Advertisement

State reports more than 5,000 new coronavirus cases Saturday, positivity rate passes 50%

Coronavirus generic
Coronavirus generic(WRDW)
Published: Nov. 28, 2020 at 2:20 PM CST
Email This Link
Share on Pinterest
Share on LinkedIn

MADISON, Wis. (WBAY) – Saturday’s coronavirus report shows numbers for cases, deaths and other key metrics are closer to where they have been in recent weeks after a one day low following the Thanksgiving holiday.

5,033 NEW CASES. 53.30% POSITIVITY RATE.

The state reported 5,033 new coronavirus cases after receiving 9,443 test results, which means 53.30% came back positive. That equals one out of every two results testing positive, and is one of the highest positivity rates the state has recorded since testing began earlier this year. Health experts want to see that number get below 5% to consider the virus is getting under control.

The 7-day average for new cases continues to drop, and decreased to 4,243 per day Saturday from 4,413 Friday. The average has been on a decline since November 19.

Fewer test results and fewer new cases are anticipated throughout the weekend due to multiple community testing sites being closed for the holiday weekend. That may result in a spike in numbers for days after the testing sites reopen and staffing returns to normal for completing test results and verifying COVID-19 deaths.

Out of Saturday’s new results, 4,410 people tested negative.

28 MORE DEATHS.

28 more deaths were added to the state’s COVID-19 death toll. That pulled the 7-day average down to 40. On Friday, that average dropped below 50 after more than a week of averages ranging from 52 to 55 per day.

In addition, the death rate decreased slightly again to 0.86% after two days at 0.87%. That percentage had risen from 0.84% Tuesday. A total of 3,285 people in Wisconsin have died from the disease caused by the coronavirus.

Case and death numbers by county will be updated later in this article.

Prevea president/CEO Dr. Ashok Rai said Thursday on Action 2 News This Morning: “I think sharing good news is important: Our numbers are starting to trend down, our hospitalizations are slightly trending down. Staff are coming back. We’re doing a little bit better. How our behavior this week translates into that continuing to do better will really matter.” (Watch his full interviews here.)

To date, 380,870 people have tested positive for the coronavirus. Another 2.138 million in Wisconsin have tested negative.

167 NEW HOSPITALIZATIONS.

The Wisconsin Department of Health Services says 167 COVID-19 patients were hospitalized since Friday afternoon. This comes after a sharp drop reported Friday (57 new coronavirus patients) following three days above 200 patients per day. That 7-day hospitalization average decreased again Saturday from 169.0 to 164.0. Since February 5, the state says 16,882 COVID-19 patients have been hospitalized.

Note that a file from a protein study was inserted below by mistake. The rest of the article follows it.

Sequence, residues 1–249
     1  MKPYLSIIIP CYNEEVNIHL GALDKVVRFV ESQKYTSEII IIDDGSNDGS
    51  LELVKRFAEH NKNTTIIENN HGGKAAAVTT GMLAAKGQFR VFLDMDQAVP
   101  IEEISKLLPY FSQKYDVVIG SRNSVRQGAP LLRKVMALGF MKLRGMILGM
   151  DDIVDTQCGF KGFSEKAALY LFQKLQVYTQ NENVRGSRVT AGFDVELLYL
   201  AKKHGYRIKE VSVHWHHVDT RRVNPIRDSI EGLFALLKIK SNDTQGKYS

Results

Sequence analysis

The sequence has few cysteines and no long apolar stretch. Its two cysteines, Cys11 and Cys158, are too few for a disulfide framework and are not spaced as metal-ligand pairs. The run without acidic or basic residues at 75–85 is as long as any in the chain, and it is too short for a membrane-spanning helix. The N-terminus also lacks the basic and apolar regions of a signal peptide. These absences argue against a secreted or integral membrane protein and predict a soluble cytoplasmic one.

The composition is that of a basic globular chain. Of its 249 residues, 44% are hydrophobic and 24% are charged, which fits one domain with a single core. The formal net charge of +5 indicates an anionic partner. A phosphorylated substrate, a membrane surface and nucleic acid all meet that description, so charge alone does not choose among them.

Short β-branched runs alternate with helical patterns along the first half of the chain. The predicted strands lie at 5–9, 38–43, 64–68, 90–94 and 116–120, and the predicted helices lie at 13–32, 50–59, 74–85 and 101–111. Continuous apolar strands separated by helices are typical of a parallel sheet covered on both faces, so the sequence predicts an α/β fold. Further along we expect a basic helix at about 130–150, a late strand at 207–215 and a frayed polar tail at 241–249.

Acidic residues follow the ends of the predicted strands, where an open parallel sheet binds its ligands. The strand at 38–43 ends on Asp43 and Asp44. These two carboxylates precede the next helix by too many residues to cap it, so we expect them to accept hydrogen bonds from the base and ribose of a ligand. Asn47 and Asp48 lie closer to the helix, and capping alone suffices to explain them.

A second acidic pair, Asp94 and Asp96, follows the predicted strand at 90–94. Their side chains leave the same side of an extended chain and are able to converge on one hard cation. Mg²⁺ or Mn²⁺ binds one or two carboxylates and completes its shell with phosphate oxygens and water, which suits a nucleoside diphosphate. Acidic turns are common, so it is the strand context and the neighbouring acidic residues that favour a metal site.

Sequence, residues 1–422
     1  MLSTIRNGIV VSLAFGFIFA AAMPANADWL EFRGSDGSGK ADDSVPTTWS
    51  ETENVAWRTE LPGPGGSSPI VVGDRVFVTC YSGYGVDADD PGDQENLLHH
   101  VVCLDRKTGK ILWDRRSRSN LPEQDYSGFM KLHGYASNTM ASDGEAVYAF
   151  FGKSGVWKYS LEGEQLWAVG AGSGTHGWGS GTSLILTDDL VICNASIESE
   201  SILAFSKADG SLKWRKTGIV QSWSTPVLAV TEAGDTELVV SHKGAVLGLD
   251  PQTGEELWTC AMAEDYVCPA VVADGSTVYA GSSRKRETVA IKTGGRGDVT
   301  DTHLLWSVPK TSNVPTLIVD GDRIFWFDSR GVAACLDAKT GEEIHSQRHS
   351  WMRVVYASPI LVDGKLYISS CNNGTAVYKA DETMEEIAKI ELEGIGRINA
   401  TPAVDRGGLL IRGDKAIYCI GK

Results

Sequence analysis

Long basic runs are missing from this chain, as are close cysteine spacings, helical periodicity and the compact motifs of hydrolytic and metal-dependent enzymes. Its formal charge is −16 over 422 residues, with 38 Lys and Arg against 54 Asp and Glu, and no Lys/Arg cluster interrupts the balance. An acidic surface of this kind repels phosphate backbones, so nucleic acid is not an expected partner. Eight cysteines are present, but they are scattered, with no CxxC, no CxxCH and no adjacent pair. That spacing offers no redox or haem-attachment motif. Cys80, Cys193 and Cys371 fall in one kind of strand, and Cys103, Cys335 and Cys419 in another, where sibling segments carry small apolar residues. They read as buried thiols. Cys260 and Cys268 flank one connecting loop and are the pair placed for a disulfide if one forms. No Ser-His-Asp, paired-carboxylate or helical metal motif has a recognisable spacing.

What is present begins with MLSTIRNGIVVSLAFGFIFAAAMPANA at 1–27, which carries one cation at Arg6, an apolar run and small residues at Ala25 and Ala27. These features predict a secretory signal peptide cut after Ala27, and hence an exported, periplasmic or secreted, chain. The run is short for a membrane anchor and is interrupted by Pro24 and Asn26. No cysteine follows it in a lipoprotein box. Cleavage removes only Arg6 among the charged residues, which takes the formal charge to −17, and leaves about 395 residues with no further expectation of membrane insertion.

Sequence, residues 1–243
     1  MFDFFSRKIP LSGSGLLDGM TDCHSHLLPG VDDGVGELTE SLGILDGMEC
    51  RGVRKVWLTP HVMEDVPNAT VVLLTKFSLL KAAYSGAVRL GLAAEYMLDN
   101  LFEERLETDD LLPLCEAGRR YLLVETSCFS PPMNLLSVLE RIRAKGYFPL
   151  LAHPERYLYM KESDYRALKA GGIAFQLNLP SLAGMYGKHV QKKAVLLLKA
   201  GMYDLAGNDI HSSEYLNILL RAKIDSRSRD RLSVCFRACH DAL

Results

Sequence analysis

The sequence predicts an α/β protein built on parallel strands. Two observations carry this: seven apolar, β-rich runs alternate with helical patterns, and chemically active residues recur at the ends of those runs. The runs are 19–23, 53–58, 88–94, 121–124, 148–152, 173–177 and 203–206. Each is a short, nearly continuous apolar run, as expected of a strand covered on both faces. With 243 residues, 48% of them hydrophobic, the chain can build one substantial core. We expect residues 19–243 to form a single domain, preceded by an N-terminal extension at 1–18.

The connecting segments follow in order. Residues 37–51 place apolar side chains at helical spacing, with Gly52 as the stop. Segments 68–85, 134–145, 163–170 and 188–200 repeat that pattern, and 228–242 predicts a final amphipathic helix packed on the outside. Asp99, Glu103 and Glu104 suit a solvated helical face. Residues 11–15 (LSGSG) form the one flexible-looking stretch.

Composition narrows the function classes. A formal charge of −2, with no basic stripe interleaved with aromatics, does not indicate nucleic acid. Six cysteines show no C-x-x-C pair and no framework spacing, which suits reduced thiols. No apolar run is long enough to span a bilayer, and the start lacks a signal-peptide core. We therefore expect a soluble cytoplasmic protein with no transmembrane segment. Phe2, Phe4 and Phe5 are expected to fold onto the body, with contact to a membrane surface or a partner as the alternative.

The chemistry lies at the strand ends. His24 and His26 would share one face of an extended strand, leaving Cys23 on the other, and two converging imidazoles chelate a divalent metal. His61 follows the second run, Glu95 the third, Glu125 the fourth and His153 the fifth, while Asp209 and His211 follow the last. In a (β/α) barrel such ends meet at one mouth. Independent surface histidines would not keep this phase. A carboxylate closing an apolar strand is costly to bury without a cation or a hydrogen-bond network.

The number of active cases fell to 70,753 on Saturday. These are people who were diagnosed in the past 30 days and haven’t been medically cleared. That’s down to 18.6%, a decrease from Friday’s report of 18.9%. There are now more than 306,000 people (306,770) who are considered recovered, or 80.6%.

On Saturday, the Wisconsin Hospital Association (WHA) reported 1,814 COVID-19 patients were in hospitals, including 406 in ICU. The number of COVID-19 patients increased by six Saturday after hitting 400 on Friday. Friday’s number was the lowest amount of COVID-19 patients in ICU since November 9, when there were 396. Changes in hospitalization numbers take deaths and discharges into account.

The alternate care facility at the state fairgrounds had 8 patients Saturday, a decrease from Thursday and Friday’s reports of nine. The field hospital is meant to help free up hospital beds by taking patients who are close to being released from the hospital but not quite ready, such as those who are ambulatory but still need oxygen.

HOSPITAL READINESS

The WHA also reports there are 193 ICU beds open in the state’s 134 hospitals, indicating 86.9% of the state’s intensive care beds are occupied. Overall, 16.43% of the state’s medically licensed beds are open.

The eight-county Fox Valley region is treating 118 COVID-19 patients, with 22 in the ICU. The region has 12 ICU beds open among the 13 hospitals, a decrease of two from Friday. WHA figures indicate 11.53% of ICU beds and 14.3% of all beds are open.

The seven-county Northeast region is treating 186 COVID-19 patients, including 45 in ICU. The region has 11 ICU beds open among 10 hospitals, or 8.8% of ICU beds, and 11.9% of the region’s hospital beds are open overall.

The need for supplies is unchanged- 24 hospitals reporting less than a week’s supply of gowns, 12 are still short on paper medical masks, 9 need goggles, and 7 are in need of N95 masks.

SATURDAY’S COUNTY CASE NUMBERS (Counties with new cases or deaths are indicated in bold.)*

Wisconsin*

  • Adams – 1,030 cases (+17) (7 deaths)(+1)
  • Ashland – 656 cases (+18) (9 deaths)
  • Barron – 3,558 cases (+93) (41 deaths)
  • Bayfield - 670 cases (+27) (11 deaths)
  • Brown – 22,385 cases (+124) (137 deaths)(+4)
  • Buffalo – 785 cases (+11) (4 deaths)
  • Burnett – 763 cases (+18) (11 deaths)
  • Calumet – 4,025 cases (+35) (25 deaths)
  • Chippewa – 4,535 cases (+4) (50 deaths)
  • Clark – 2,122 cases (+19) (37 deaths)
  • Columbia – 3,415 cases (+60) (12 deaths)(+2)
  • Crawford – 1,192 cases (+27) (7 deaths)
  • Dane – 26,843 cases (+431) (80 deaths)
  • Dodge – 8,270 cases (+59) (71 deaths)
  • Door - 1,575 cases (+10) (11 deaths)
  • Douglas – 1,996 cases (+46) (1 death)